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Albright to Speak at Women's Center Conference Mar. 8

Former Secretary of State Madeleine Albright, appointed by former President Bill Clinton to become the first woman to serve in that role, has been confirmed as the keynote speaker at the Women’s Center’s annual Leadership Conference on March 8. The theme is “Advancing the Agenda.”

Martha Burk, president of the Center for the Advancement of Public Policy, who is trying to break the gender barrier at Augusta National Golf Club where the Masters Golf Tournament is held, will also attend.

Former U.S. Assistant Surgeon General Susan Blumenthal, now a senior advisor for the U.S. Department of Health and Human Services, will discuss the controversy over hormone replacement therapy (HRT).

Over the years, the Women’s Center’s spring leadership conference has attracted women who share traits of resilience, perseverance and integrity.

Albright, who was nominated as secretary of state in December 1996, was unanimously confirmed by the U.S. Senate. When she was sworn in as the first female secretary of state in 1997, she become the highest-ranking woman in the history of the U.S. government. A graduate of Wellesley College, she is divorced and the mother of three daughters.

IN TALKING about challenges in their lives, previous Leadership Conference speakers such as Sarah, Duchess of York, and Erin Brockovich have served as role models for women.

Judith Mueller of McLean, who founded the Women’s Center more than 29 years ago and now serves as its “chief fund-raiser and friend-raiser,” said that like all human service agencies, the Women’s Center faces funding challenges.

“We’re in troubled times,” she said. “All charities have been impacted by scandals in corporations and the United Way implosion.” Giving has been impacted by the decreased assets of foundations in the economic downturn, Mueller said.

Although the Women’s Center focuses on psychological counseling, it also offers courses for virtually every contemporary challenge facing men, women and families.

The Women’s Center, Mueller said “has been around for 29 years. This is an institution that serves people, from which they graduate and recover.”

The Center offers counseling and support during life’s transitional phases and crises such as getting fired or being laid off, having one’s marriage collapse, and taking fiscal responsibility late in life, Mueller said.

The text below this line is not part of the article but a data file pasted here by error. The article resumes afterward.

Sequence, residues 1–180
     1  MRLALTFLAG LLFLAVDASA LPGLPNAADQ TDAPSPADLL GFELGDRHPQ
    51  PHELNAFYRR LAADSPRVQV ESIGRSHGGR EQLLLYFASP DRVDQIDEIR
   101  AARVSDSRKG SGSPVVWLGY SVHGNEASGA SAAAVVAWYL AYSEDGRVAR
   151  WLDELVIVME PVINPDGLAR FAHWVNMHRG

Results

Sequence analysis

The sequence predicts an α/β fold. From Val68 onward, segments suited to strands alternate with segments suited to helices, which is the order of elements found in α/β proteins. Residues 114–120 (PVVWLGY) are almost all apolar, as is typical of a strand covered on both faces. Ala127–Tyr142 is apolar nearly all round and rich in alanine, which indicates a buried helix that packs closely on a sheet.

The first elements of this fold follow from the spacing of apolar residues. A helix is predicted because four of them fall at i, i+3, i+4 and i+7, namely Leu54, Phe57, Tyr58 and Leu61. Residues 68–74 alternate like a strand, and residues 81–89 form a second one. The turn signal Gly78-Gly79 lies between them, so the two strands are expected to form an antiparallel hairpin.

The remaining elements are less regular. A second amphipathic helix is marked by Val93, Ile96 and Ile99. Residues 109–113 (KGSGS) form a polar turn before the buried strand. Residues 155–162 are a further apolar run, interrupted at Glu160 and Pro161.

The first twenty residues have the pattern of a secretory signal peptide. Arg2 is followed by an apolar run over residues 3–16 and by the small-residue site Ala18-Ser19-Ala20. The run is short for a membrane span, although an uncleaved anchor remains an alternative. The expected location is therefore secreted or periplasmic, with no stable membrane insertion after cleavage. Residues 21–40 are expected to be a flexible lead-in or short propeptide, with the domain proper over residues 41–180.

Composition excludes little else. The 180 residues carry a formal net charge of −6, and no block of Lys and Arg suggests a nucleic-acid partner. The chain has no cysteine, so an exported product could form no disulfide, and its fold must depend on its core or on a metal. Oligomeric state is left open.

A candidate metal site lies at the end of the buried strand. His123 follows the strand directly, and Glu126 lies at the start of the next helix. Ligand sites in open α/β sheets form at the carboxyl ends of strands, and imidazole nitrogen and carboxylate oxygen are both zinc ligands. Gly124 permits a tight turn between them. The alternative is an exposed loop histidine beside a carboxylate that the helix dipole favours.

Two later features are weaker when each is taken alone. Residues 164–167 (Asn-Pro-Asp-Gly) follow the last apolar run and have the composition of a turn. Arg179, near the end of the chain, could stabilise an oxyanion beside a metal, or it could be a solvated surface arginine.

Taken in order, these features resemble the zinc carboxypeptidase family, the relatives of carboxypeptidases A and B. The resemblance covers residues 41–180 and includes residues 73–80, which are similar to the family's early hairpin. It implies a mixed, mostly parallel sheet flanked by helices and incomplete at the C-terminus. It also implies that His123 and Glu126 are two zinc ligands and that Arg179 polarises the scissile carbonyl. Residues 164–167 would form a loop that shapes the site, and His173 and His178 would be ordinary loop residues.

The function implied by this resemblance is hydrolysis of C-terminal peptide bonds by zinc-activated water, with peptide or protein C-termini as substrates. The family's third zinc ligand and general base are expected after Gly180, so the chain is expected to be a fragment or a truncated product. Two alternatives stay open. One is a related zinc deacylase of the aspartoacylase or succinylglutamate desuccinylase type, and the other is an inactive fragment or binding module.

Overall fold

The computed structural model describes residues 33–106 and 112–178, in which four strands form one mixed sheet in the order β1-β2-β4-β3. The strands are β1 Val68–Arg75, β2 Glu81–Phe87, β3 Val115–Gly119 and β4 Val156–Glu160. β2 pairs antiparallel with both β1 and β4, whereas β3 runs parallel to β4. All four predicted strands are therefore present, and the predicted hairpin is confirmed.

“We have a joke that if you’ve never heard of the Women’s Center, you’ve had a charmed life,” she said. “We are helping people who are high-functioning. They have multiple responsibilities.

“Our stock in trade is we are immediately available and totally affordable.

“EVERYONE KNOWS someone who’s run into a major black hole. The combination of services — legal, financial, professional and psychological counseling — gives you the tools to recover and puts in place the changes that need to occur.

“If you go round and round feeling bad, you just go round and round feeling bad,” Mueller said. “We initiate the ‘to do’ piece that breaks the cycle.”

The Women’s Center has depended on third-party reimbursement — insurance — to cover its costs and return its clients to fully functional lives.

“We were an unusual charity. We had counseling as a profit center,” said Mueller.

But with the advent of managed care, mental illness has been redefined as “a physical ailment with a medical treatment model,” Mueller said, and “it is more difficult getting reimbursement” from insurance companies.

Now, she said, “insurance is based on a medical model. If you break your leg or you break your heart, it is still the same method of payment, if you are using insurance. It gets harder and harder to collect third-party payment.

“To come to the Women’s Center for marriage counseling, someone has to agree to be diagnosed as depressed, if they are going to use third-party payment,” Mueller said.

“The status of women is always a function of care-giving,” she said, “But there is no universal understanding that care-giving costs.

“Women are disproportionally disadvantaged when they drop out of the labor force to do the care-giving that our culture expects of them.”

That’s increased the need for couples to dialogue over how they will handle the responsibilities of parenting, taking care of their parents, and “sequencing their lives.”

“Now that women are making money, who does what, when and how? How do we live the espoused value of love? What do we sacrifice to have the optimum arrangement?”